The Taliban was resurgent enough that there was concern about the insurgents’ seizing Lashkar Gah in 2017.

Last spring, a 300-member Marine Corps task force helped the Afghan army push the Taliban away from the city. A second rotation of Marines took over in January and is focused on helping to control the most populous areas ahead of Oct. 20 parliamentary elections, which have been rescheduled several times since 2015.

“The focus is on central Helmand,” said Brig. Gen. Benjamin T. Watson, the Marines’ top commander in Afghanistan. “There is a number of districts where there is little to no [government] presence . . . and they are not places where we intend to invest.”

The Afghan government and the Marines believe they have Lashkar Gah and the smaller city of Gereshk under control. They also have expanded security as far south as the Garmsir district center and as far west as the Marja district center. But most of those two districts and many others remain under Taliban influence or control. 

One of the largest problems is that the local Afghan National Army unit, the 215th Corps, is still understrength. It is supposed to have about 18,500 soldiers but has just over 9,000 amid years of combat and a nationwide competition for soldiers.

Marines see the commander of the 215th Corps, Maj. Gen. Wali Mohammad Ahmadzai, as an effective leader but say he faces problems that include heavy combat casualties, desertions and fuel shortages.

Most of the Marines work from Camp Shorab, a dusty base that was carved out of the larger installation that once included Leatherneck and Bastion.

The Marines, using pickup trucks or golf-cart-size all-terrain vehicles, shuttle back and forth daily from their camp to the 215th Corps headquarters at an adjoining Afghan base named Camp Shorabak, which is decorated with rosebushes and painted bright pink and green. Ahmadzai, a stocky officer with a thick black mustache, said in an interview that he has been promised an additional 2,000 soldiers by the Defense Ministry.


U.S. service members at Bost airfield in September. (Andrew Renneisen/Getty Images)

The Afghan army launched a three-week operation, Maiwand 12, in March that focused on clearing supply lines from a brigade headquarters at Camp New Garm Ser — once known to Marines as Camp Dwyer — to two Afghan bases in Marja that Marines first established in 2010. The 215th Corps experienced little enemy contact but withdrew afterward, leaving Marine commanders to assess that the Afghan forces had moved too quickly into the operation.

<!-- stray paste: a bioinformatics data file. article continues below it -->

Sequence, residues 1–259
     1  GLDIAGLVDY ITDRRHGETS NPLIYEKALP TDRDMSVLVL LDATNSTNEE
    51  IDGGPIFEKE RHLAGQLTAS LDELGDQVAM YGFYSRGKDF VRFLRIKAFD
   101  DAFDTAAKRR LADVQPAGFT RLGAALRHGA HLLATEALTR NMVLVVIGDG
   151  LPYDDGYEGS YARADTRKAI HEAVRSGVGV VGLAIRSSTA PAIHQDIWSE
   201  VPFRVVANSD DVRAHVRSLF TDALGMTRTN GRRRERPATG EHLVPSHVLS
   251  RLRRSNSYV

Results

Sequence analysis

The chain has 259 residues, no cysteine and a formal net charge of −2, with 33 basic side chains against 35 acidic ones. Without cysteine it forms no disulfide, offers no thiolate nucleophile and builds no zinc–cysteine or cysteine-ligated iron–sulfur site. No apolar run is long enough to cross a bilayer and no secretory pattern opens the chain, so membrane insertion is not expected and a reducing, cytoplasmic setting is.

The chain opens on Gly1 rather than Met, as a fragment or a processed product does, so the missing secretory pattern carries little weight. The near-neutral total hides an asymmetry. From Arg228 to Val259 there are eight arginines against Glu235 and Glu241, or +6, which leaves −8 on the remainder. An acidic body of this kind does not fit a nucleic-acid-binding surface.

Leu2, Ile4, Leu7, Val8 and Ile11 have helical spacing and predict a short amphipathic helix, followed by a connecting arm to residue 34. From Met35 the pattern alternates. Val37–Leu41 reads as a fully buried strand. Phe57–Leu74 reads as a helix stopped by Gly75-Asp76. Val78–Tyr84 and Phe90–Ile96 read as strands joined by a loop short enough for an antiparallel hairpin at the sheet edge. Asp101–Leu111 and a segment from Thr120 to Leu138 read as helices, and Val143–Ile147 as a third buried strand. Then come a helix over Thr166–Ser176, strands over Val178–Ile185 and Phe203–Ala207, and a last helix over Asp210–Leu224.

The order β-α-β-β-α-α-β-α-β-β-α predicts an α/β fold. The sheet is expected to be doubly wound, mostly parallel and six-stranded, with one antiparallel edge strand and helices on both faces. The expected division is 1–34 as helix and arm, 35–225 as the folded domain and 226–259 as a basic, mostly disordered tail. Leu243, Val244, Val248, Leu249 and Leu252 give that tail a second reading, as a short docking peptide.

Ahmadzai said he is thankful to Trump for the additional help. There is no plan to clear the remainder of Marja this spring, but he wants to do so eventually to allow residents who fled violence to return home.

“In Marja, there is no population, so we will not have elections for the trees,” Ahmadzai said. “The people who used to reside in Marja, they already moved to Lashkar Gah.” 

The hands-off advising role is a big culture shift for Marines who have fought in Helmand before. Several who served there before said they are not frustrated to be back and always thought Marines would return.

First Sgt. Robert L. Krieger III compared Afghanistan to South Korea, where U.S. forces have trained since the Korean War was paused with a 1953 armistice. He said he fired his rifle 100 days straight in combat as a platoon sergeant in Marja in 2010 but is now focused on making sure the Marines deployed around him have what they need.

“Do I talk about all the people that I’ve been around that we’ve lost? No,” Krieger said. “I keep that inside. One day I’ll come to grips with it, but right now, that’s my focus.”

Gunnery Sgt. Mary K. Grimaldi said she previously deployed to Helmand as the intelligence chief for an aircraft squadron a few months after her cousin, Staff Sgt. James M. Malachowski, was killed in Marja on March 20, 2011. She wears a steel memorial bracelet with his name on it.

“It’s hard knowing that someone that I know took their last breath just a few miles away. But I want to make sure that his life and everyone else’s — all the other treasures that have been lost here — are not in vain,” she said. “I think that if we just grew tired and threw our hands up and went home, then all of it would be for naught.”